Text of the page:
Why “medical” marijuana gets little respect here

English: Discount Medical Marijuana cannabis s...
Discount Medical Marijuana cannabis shop, Denver, Colorado. (Photo credit: Wikipedia)

 

Mark Kleiman, the Washington state pot czar,  explains his use of “scare quotes” when writing about medical marijuana:

 

Yes, cannabis has medical value for some people. And yes, the sustained effort of the federal government to make medical cannabis research as difficult as possible is a national disgrace.

And then, on the other hand, there’s this, from a report of the Colorado State Auditor:

As of October 2012, a total of 903 physicians had recommended medical marijuana for the 108,000 patients holding valid red cards. Twelve physicians recommended medical marijuana for 50 percent of those patients, including one physician with more than 8,400 patients on the Registry.

Some physicians have recommended what appear to be higher-than-reasonable amounts of medical marijuana. In one case, a physician recommended 501 plants for a patient. In another case, a physician recommended 75 ounces of useable marijuana for the patient.

Do the arithmetic on 8400 patients for one physician. Assume a 50 40-hour workweeks and zero time spent on administrative tasks. That’s a little bit less than 15 minutes per customer. Medical practice? No. Just dope dealing.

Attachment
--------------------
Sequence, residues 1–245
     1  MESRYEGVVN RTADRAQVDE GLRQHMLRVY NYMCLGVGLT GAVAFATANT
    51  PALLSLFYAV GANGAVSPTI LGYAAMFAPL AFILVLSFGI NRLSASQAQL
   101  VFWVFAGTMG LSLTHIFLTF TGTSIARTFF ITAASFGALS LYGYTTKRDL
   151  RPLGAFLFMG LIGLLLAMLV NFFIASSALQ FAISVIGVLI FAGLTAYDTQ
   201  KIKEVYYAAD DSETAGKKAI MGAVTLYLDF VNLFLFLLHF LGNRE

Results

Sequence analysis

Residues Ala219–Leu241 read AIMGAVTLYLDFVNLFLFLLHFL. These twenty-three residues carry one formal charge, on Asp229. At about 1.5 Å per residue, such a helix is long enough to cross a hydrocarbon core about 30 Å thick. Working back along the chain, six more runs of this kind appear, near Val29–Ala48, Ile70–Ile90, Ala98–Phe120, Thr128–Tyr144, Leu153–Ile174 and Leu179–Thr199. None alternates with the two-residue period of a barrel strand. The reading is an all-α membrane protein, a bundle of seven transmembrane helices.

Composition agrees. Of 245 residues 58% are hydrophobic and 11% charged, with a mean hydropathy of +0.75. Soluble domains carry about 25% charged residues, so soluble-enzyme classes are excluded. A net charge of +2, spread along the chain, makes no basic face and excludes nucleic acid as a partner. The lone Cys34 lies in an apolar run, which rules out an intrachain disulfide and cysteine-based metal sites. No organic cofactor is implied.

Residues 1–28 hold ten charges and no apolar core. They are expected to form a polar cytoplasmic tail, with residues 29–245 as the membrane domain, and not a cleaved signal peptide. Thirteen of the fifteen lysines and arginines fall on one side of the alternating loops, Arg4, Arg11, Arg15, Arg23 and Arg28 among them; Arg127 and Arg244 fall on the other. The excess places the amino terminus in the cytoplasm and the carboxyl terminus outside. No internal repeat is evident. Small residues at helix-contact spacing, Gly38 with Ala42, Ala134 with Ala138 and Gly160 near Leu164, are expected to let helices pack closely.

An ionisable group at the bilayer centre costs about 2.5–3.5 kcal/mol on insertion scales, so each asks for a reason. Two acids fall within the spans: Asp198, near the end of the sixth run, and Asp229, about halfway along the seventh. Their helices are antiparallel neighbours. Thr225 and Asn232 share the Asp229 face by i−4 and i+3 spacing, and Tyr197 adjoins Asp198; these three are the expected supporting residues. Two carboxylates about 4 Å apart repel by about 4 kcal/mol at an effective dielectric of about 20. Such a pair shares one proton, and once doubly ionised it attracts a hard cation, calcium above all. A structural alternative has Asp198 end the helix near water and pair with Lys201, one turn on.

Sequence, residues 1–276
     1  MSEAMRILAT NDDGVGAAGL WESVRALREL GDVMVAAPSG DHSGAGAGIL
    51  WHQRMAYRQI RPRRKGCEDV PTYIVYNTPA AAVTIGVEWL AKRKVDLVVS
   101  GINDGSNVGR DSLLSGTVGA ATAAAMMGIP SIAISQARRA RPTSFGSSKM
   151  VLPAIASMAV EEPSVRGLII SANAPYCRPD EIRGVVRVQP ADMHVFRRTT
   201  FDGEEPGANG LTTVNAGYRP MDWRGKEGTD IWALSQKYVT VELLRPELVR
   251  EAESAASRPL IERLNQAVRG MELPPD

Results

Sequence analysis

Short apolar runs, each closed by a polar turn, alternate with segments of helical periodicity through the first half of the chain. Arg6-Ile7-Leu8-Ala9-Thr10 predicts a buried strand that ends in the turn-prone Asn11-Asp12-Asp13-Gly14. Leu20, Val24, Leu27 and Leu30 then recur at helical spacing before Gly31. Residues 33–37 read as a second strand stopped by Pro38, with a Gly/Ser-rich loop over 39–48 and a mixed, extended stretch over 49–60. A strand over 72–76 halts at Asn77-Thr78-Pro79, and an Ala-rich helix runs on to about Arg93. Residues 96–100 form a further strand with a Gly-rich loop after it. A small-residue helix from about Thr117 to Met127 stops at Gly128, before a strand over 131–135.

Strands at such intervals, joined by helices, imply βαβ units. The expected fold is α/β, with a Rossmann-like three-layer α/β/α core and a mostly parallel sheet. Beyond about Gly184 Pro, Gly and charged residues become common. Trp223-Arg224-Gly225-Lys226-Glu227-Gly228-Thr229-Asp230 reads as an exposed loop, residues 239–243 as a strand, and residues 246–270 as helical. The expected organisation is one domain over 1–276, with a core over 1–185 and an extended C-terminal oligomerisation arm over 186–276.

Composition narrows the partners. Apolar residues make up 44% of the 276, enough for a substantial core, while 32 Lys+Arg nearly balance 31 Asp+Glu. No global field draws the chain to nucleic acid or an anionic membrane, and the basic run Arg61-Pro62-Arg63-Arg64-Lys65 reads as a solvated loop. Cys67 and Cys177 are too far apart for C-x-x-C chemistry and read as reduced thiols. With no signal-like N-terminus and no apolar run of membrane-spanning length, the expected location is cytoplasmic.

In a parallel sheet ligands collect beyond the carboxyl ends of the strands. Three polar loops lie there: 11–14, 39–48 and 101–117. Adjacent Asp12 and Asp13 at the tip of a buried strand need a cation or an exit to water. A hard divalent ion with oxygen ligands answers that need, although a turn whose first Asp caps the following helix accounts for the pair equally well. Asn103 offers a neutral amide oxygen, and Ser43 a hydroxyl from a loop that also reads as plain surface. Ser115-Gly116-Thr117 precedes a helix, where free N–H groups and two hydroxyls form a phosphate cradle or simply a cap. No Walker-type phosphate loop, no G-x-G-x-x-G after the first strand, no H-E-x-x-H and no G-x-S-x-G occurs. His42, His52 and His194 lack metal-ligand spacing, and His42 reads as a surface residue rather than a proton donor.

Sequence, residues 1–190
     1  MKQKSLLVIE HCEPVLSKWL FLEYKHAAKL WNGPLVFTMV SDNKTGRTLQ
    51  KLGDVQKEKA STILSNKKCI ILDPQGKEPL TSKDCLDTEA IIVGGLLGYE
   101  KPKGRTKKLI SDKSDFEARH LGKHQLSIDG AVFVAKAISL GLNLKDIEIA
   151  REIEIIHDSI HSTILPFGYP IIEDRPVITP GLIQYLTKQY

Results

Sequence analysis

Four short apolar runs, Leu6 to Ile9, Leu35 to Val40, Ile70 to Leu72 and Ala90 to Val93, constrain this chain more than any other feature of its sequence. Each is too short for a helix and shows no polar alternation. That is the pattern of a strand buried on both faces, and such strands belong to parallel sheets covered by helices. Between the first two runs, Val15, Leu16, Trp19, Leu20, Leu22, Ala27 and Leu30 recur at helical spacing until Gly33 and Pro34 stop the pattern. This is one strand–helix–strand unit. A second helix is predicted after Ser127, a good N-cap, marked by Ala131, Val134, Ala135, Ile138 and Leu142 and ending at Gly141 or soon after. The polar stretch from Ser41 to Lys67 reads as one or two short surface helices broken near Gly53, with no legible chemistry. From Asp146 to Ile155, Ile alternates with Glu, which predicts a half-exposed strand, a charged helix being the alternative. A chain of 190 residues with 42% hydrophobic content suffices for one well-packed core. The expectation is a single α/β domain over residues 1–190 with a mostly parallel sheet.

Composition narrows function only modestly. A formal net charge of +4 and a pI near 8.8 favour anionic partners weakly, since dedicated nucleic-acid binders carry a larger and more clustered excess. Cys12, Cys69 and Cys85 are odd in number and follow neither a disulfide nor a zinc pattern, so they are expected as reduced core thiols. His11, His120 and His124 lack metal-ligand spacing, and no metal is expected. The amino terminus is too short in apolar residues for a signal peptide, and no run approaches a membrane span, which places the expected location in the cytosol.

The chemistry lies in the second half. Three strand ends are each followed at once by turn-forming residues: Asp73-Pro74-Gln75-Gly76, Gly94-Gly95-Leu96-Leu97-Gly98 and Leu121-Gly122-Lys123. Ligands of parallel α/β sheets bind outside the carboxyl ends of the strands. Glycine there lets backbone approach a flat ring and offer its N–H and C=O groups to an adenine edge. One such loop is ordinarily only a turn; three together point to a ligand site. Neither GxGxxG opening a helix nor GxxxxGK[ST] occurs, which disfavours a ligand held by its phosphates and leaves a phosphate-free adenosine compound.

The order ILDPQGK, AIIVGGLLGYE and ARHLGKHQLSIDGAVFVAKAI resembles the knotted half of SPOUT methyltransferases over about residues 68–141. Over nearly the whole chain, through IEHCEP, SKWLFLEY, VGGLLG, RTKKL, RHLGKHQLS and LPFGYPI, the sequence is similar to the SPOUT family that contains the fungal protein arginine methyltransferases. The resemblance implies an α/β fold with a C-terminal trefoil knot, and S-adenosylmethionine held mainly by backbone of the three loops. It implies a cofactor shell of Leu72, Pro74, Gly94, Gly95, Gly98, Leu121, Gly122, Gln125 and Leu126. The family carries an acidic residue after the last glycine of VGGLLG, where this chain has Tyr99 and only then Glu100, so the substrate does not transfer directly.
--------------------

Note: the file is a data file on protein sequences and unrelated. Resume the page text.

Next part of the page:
He adds:

 

The strategy of using quasi-medical legalization as a means of normalizing consumption and moving the political acceptability of full commercial legalization has been a great success … And I’m not unhappy with the outcome. … Still, the whole deal – and especially the role of the “kush docs” – makes me a little sick to my stomach.

 

 

 

Primary care is good for recovery

The doctor's office on Transylvania Project, L...
Image via Wikipedia

Primary care visits are associated with better recovery outcomes:

A yearly primary care visit was also positively associated with remission (OR, 1.39), as was continuing care (OR, 2.34), defined as:

  • having at least 1 yearly primary care visit,
  • completing substance abuse treatment or receiving further treatment,
  • receiving alcohol or drug treatment when the alcohol or drug Addiction Severity Index (ASI) score at last assessment was higher than 0, and
  • receiving psychiatric services when the psychiatric ASI score at last assessment was higher than 0.

Makes our primary care project look pretty smart.